For though you think heaven still shut, remember that the Lord left here to Peter and through him to the Church, the keys of it, which every one who has been here put to the question, and also made confession [of faith], will carry with him.
From this passage, Tertullian appears to be saying that the "keys" to the Church were passed on from Peter to the Church, which certainly could be read as an argument for apostolic succession and the papacy. Likewise, in De pudicitia ("On Modesty", c. 220), he wrote that "the Church" has the authority to forgive sins and as justification he writes:
what sort of man are you, subverting and wholly changing the manifest intention of the Lord, conferring (as that intention did) this (gift) personally upon Peter? On you, He says, will I build My Church; and, I will give to you the keys, not to the Church; and, Whatsoever you shall have loosed or bound, not what they shall have loosed or bound. For so withal the result teaches. In (Peter) himself the Church was reared; that is, through (Peter) himself; (Peter) himself essayed the key
He then goes on to describe a couple other ways in which Peter was primary: He was the first to "unbar" the entrance to heaven through baptism; and, he was the first to open the Gospel message to the Gentiles. As such, it is not hard to read this passage in support of papal succession. However, Tertullian concludes the passage by explaining what "the Church" is and says it is "properly and principally, the Spirit Himself" adding that any gathering of believers counts. He concludes:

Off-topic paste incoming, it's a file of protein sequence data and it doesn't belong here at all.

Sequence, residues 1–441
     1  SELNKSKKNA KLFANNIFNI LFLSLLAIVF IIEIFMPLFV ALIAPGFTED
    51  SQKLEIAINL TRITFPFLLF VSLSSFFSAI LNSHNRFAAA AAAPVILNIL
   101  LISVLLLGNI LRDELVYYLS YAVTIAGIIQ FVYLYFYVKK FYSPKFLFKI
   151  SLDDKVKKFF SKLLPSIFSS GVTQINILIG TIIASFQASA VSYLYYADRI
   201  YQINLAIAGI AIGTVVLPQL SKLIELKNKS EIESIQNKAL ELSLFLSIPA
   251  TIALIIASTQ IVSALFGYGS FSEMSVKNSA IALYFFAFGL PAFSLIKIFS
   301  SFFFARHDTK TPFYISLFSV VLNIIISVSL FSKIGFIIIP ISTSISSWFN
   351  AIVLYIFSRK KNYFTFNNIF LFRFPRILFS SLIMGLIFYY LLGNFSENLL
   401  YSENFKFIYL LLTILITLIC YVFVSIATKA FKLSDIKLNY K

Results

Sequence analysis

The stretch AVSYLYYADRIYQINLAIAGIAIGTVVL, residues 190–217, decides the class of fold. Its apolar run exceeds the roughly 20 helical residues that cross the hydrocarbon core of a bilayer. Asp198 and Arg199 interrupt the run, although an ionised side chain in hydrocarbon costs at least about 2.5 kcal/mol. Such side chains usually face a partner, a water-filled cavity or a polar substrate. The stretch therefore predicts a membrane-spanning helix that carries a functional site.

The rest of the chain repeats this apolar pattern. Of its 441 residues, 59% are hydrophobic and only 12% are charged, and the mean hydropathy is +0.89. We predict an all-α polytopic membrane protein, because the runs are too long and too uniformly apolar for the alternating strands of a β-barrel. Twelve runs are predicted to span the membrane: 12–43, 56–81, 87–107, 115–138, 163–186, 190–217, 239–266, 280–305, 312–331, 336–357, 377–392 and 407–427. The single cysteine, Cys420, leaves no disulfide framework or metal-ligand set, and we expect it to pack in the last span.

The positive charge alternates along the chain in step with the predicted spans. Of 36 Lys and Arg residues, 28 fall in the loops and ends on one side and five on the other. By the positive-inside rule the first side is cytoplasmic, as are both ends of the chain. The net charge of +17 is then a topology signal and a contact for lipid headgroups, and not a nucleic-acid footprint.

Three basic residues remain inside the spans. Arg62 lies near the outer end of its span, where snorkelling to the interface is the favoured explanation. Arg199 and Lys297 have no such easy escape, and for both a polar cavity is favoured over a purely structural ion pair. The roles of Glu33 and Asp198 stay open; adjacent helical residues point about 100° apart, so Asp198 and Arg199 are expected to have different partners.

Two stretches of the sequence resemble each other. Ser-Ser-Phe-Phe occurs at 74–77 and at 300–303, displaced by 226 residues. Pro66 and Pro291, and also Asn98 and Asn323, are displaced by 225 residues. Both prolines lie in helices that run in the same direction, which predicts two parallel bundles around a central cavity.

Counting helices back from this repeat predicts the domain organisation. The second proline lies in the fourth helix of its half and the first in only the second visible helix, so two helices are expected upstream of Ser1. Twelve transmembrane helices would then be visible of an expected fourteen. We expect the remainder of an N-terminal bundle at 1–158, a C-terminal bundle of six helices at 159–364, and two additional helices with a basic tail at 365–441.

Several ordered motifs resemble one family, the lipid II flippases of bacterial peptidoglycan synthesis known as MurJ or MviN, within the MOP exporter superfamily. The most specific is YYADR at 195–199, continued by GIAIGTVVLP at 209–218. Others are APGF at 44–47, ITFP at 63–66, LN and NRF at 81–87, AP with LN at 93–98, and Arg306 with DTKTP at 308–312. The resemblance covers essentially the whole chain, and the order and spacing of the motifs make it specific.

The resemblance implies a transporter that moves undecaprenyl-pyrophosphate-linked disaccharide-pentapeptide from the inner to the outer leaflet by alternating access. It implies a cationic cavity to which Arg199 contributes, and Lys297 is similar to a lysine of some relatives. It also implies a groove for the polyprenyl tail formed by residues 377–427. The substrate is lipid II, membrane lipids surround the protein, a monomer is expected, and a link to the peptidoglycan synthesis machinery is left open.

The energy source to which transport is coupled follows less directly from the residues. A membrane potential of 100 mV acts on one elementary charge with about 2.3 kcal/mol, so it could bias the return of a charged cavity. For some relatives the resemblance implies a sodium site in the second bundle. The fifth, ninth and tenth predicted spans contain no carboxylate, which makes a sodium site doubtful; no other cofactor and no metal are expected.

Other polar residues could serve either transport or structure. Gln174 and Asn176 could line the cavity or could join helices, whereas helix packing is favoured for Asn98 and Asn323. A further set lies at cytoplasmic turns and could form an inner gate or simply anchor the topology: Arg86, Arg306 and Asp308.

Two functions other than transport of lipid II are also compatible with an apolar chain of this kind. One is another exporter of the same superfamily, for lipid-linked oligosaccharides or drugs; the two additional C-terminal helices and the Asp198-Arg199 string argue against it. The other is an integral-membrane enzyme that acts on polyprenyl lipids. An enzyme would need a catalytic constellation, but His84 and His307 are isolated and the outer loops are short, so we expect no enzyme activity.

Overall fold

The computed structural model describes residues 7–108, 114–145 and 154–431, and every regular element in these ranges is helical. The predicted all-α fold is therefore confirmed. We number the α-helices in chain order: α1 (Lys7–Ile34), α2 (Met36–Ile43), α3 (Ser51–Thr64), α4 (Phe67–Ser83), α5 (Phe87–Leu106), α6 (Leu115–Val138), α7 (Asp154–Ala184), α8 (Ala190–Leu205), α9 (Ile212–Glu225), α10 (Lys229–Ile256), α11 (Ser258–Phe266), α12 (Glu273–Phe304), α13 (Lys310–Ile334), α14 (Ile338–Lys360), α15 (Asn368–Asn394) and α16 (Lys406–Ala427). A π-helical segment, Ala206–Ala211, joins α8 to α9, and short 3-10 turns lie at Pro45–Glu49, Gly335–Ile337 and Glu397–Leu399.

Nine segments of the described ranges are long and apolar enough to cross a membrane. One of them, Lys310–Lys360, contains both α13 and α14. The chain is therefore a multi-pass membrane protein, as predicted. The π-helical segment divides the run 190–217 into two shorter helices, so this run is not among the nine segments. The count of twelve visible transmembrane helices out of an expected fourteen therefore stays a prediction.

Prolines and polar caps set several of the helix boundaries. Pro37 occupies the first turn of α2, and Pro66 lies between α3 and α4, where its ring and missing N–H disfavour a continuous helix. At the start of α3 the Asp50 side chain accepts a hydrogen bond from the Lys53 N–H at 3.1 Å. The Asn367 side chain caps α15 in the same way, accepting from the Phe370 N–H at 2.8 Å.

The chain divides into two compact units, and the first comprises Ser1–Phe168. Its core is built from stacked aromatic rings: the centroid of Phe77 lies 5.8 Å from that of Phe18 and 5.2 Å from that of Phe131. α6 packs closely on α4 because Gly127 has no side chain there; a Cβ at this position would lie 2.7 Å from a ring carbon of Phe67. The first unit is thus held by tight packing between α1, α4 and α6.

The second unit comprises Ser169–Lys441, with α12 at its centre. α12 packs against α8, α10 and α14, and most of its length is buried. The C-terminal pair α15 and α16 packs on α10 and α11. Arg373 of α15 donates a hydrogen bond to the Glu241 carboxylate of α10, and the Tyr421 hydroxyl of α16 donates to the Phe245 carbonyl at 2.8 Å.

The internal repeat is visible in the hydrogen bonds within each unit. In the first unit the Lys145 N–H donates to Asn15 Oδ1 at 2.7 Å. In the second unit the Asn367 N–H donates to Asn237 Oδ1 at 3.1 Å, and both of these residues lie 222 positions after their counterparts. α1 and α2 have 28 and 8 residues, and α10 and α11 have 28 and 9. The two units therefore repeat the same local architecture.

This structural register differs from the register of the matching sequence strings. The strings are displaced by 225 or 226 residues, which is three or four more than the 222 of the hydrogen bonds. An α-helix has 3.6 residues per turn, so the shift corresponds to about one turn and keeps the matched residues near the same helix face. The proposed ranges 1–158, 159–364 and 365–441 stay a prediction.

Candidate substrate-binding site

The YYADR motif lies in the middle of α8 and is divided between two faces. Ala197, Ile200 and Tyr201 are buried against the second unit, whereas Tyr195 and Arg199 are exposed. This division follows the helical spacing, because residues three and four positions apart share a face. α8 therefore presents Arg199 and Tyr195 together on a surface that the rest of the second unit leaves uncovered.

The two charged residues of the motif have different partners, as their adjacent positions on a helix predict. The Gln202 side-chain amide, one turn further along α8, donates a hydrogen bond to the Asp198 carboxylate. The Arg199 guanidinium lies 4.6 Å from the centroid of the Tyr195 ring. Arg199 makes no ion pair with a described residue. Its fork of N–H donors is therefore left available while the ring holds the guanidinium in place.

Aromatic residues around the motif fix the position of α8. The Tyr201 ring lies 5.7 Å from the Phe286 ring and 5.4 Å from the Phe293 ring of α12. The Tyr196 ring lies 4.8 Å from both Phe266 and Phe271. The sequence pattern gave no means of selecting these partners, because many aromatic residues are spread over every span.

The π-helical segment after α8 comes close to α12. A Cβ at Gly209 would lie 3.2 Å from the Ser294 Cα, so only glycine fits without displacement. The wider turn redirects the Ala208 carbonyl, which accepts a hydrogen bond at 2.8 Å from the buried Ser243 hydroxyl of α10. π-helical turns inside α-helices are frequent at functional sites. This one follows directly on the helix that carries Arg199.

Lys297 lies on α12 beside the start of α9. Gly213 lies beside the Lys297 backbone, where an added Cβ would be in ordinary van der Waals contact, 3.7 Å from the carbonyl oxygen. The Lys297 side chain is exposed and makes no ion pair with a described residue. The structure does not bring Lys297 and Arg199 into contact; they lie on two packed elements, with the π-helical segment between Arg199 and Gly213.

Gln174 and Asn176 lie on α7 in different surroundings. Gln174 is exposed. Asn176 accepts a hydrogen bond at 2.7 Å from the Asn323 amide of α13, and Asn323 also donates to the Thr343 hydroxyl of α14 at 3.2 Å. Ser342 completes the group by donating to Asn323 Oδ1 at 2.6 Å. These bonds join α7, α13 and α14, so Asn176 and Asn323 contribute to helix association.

And accordingly the Church, it is true, will forgive sins: but (it will be) the Church of the Spirit, by means of a spiritual man; not the Church which consists of a number of bishops.
which is certainly hard to read in a manner that would allow special authority for the papacy.
Tertullian clearly did believe in apostolic succession, for in De praescriptione haereticorum ("Prescription against Heretics", c. 200) he writes:5
For this is the manner in which the apostolic churches transmit their registers: as the church of Smyrna, which records that Polycarp was placed therein by John; as also the church of Rome, which makes Clement to have been ordained in like manner by Peter. In exactly the same way the other churches likewise exhibit (their several worthies)
However, there is no indication in this passage that the Church of Rome has a special authority. It certainly seems like he views all churches founded by apostles as equal.